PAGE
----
A cover letter is as likely to be an email these days – but however you send that (often fiendishly difficult to write) accompaniment to your CV, make sure it shines. It has as crucial a role in getting your foot in the door as your CV itself. So why do some applicants give them so little thought or, as many hiring managers will testify, don’t even bother writing one at all?
Employers often use psychometric testing to vet potential employees and help them understand a little more about your personality and ability to fit into the role they are offering – and this type of testing is becoming increasing popular.
Understandably, many people find discussing salaries uncomfortable and embarrassing during an interview. However, most interviewers expect some bartering and, if it motivates you to put more into the job, it is worthwhile for both the applicant and the employer.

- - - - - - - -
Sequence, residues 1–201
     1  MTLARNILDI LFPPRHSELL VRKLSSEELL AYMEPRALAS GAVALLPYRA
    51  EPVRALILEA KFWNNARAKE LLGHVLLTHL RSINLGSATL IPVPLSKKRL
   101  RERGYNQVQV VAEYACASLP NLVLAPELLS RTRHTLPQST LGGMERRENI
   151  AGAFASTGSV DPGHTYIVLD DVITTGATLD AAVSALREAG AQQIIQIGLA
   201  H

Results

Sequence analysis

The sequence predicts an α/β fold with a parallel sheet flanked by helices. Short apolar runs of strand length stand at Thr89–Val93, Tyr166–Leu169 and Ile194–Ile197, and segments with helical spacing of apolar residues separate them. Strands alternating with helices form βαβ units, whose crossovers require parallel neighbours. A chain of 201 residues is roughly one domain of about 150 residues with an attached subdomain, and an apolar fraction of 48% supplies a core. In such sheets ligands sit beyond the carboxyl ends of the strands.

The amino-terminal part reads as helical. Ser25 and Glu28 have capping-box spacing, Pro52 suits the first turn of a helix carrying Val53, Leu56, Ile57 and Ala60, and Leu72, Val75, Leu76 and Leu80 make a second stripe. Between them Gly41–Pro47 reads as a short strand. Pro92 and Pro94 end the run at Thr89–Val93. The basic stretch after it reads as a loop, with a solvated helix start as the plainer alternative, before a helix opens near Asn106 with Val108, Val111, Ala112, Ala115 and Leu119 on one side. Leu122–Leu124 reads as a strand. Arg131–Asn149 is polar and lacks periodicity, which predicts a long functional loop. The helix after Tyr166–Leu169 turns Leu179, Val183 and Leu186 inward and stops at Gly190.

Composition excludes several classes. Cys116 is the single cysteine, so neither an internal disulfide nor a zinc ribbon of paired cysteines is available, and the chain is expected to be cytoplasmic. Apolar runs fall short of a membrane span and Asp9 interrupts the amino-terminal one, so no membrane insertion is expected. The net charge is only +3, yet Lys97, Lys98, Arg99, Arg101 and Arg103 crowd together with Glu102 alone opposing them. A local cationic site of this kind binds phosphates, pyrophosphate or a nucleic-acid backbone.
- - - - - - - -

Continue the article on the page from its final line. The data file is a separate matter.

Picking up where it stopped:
The main aim of a covering letter is to encourage recruiters to read your CV. However, it needs to do a lot more than say, 'here is my CV!'. In short, it is the biggest chance you have to sell yourself.
Rapport is the connection between two people; the spoken and unspoken words that say ‘we are on the same page’. In an interview situation you can employ numerous techniques to maximize the rapport between yourself and your interviewer.
A Curriculum Vitae is a self-marketing tool and getting an interview can depend on how good your CV is. You will need to consider what to include, how much detail is needed and how to make your CV stand out from all the others.